Cherry on Top: No, that's not whipped cream on top of this all-girl pyramid, it's the bridal veil of Crystal, the bride-to-be. Aw!

Day Two: Saturday
11pm - Rosie McCann's

Exhausted from the previous night's exertions, we followed a bachelorette party up the stairs to Rosie McCann's. Immediately we spotted the group at the bar and popped the question: Wanna be in a human pyramid? They accepted and we ducked into the back of the club onto the darkened dance floor. House music drowned out our directions, but within minutes we had eight women lined up on their hands and knees, topped by a blushing bride-to-be. It was almost too easy.


Asti as They Wanna Be: If you look closely, you can see the face of the baby Jesus beneath our cheerleader's skirt.

11:28pm - The Asti

We knew they were tough, but we never expected the Asti's rough-and-tumble clientele to be so willing to stack themselves up on a sidewalk. The Asti is essentially one long corridor with a bar on the left side and booths on the right; we left the pool players in the back alone and fanned out along the booths. Soon we had our volunteers, and even though security asked us to move outside, as soon as the Brandinator flashed our pyramiders a picture of a pyramid from the night before, it was on. The ladies planned to out-pyramid the other bars with a better show of cleavage--one young woman yanked roughly at her neckline to make it happen; another, wearing a skirt, didn't hesitate to rest her bare knees on the sidewalk. One of our volunteers sized himself up and liked what he found: "I'm pretty strong," he said, examining his arms through his sport coat. "I could be on the bottom." Strangely enough, when the pyramid fell apart it was as if a spell had been broken. Brushing out the bits of sidewalk debris embedded in her knees, the skirted girl asked aloud, "Why did we all just do that?" We can only hope she's come to feel about it the way the guy next to her did. We ran into him later in the evening while still trying to recruit, and he vouched for us. "The pyramid was sick," he said. "I'd do it again."

12:15 - The Blue Lagoon

Friendly folks, dancing folks; not enough takers. On we went.


Size Matters: It may be Club Caution's motto, but it's also true at the Rush Inn, which tries really hard to keep its big drink recipes secret.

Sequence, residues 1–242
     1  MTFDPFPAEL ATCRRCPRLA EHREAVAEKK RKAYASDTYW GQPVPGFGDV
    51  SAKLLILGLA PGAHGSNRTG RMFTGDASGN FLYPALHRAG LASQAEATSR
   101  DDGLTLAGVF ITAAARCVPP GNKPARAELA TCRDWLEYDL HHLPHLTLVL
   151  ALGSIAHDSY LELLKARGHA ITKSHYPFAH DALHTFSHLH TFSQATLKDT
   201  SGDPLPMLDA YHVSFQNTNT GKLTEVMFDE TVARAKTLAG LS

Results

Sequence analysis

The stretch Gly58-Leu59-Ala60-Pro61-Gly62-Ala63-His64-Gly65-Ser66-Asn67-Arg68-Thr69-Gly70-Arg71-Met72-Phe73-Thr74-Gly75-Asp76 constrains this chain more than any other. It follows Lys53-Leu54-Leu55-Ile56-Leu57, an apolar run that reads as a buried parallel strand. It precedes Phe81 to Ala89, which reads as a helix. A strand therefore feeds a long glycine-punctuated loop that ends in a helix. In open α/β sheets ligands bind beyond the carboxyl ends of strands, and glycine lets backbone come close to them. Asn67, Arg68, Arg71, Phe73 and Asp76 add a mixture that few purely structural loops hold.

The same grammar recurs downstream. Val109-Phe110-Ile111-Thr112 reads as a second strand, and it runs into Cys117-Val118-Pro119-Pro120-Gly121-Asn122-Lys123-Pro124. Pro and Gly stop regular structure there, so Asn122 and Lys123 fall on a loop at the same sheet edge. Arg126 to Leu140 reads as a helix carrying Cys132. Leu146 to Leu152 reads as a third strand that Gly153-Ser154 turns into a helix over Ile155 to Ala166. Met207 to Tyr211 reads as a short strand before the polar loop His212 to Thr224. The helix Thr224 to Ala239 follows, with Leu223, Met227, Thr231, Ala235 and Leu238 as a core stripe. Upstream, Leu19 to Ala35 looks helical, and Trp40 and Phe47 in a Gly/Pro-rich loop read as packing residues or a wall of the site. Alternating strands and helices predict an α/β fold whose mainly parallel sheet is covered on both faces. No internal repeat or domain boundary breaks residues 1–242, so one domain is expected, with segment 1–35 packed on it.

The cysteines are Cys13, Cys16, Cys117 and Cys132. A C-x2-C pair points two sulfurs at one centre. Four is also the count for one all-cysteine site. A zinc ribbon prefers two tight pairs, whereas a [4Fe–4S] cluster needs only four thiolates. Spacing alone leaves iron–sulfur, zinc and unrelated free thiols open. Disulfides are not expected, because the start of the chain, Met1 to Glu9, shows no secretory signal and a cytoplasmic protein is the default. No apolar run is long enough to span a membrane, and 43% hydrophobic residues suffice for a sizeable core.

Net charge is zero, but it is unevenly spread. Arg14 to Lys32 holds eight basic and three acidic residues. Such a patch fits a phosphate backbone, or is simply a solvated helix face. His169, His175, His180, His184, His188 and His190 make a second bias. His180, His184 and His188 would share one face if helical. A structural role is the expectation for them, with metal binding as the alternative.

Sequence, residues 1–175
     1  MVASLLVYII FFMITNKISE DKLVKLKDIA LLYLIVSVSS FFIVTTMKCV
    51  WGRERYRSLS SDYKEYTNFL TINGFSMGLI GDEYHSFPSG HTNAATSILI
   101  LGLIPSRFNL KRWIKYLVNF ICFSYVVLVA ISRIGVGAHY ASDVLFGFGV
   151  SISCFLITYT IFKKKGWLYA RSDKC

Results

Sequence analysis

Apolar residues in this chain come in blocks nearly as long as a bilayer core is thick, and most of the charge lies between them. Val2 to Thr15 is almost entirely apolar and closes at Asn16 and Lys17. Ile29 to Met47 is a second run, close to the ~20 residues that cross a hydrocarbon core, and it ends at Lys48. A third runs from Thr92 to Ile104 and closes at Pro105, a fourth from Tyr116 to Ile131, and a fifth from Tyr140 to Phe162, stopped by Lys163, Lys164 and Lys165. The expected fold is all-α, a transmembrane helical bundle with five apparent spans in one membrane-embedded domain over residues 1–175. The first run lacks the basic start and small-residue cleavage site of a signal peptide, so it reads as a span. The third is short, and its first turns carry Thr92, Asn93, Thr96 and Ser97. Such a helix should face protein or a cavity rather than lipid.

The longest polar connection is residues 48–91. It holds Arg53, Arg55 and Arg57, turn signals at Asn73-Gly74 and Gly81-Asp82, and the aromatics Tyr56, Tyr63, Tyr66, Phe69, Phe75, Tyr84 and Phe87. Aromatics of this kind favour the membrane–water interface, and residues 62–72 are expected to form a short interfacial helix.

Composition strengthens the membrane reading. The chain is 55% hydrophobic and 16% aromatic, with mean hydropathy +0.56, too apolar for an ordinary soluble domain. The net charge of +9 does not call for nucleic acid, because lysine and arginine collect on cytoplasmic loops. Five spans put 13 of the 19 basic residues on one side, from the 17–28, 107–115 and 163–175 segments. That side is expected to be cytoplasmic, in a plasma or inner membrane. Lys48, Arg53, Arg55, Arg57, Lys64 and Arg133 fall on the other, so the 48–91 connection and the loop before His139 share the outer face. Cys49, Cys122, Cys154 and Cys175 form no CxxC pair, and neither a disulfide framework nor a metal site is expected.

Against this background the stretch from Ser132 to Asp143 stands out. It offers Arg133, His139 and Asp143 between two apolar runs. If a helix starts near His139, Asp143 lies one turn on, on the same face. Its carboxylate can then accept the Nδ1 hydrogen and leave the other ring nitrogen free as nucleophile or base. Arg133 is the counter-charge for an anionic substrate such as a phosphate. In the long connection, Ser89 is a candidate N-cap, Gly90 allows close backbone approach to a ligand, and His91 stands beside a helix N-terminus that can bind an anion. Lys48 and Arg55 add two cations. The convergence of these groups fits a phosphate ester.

12:25 - Club Caution

There's really no getting around the fact that Club Caution is bigger and swankier than ever. Our penultimate destination was clean, well-lit, has a huge bar, a cushiony chill room, a sit down and snack room, a game room and a dance club in the back--complete with stage, disco ball, a pole and a DJ booth. After getting permission from one of the owners ("As long as nobody gets hurt," Daryl said), we headed straight for the stage. With some friendly solicitation, some blowing of my whistle and some "come hither" gestures, we arranged our happy volunteers on the stage in a lovely pyramid formation. With hip-hop still pulsing in their ears and through their veins, some couldn't help but continuously wag their booties, which made this the least stable, yet most visible pyramid of all. Way to go, team.


Who's Ready For Their Close Up?: Is it the Brandinator on the top left, or the media star on the bottom right?

Epilogue: Sunday
2:52pm - A Field in the Santa Cruz Mountains

No human pyramids today--just a .357 Magnum, two .22s, a shotgun and a 30-odd six. As some friends and I opened fire on some old car doors--part of an art project--we heard competing gunfire in the distance, and I realized Santa Cruz is not exactly the liberal, politically correct place it's painted to be. It's full of surprises, and full of spontaneous people who will gladly join your human pyramid--even if they have no idea why. I think my friend Kimmy summed it up best when she said, "If somebody came up to me and said, 'Do you want to do a human pyramid?' I'd be like, 'Fuck you, I'm smoking and drinking!'

"So I was surprised," she added, wistfully aiming her revolver, "but maybe everyone's not as bitter as I am."

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From the October 26-November 2, 2005 issue of Metro Santa Cruz.

Copyright © 2005 Metro Publishing Inc. Maintained by Boulevards New Media.

For more information about Santa Cruz, visit santacruz.com.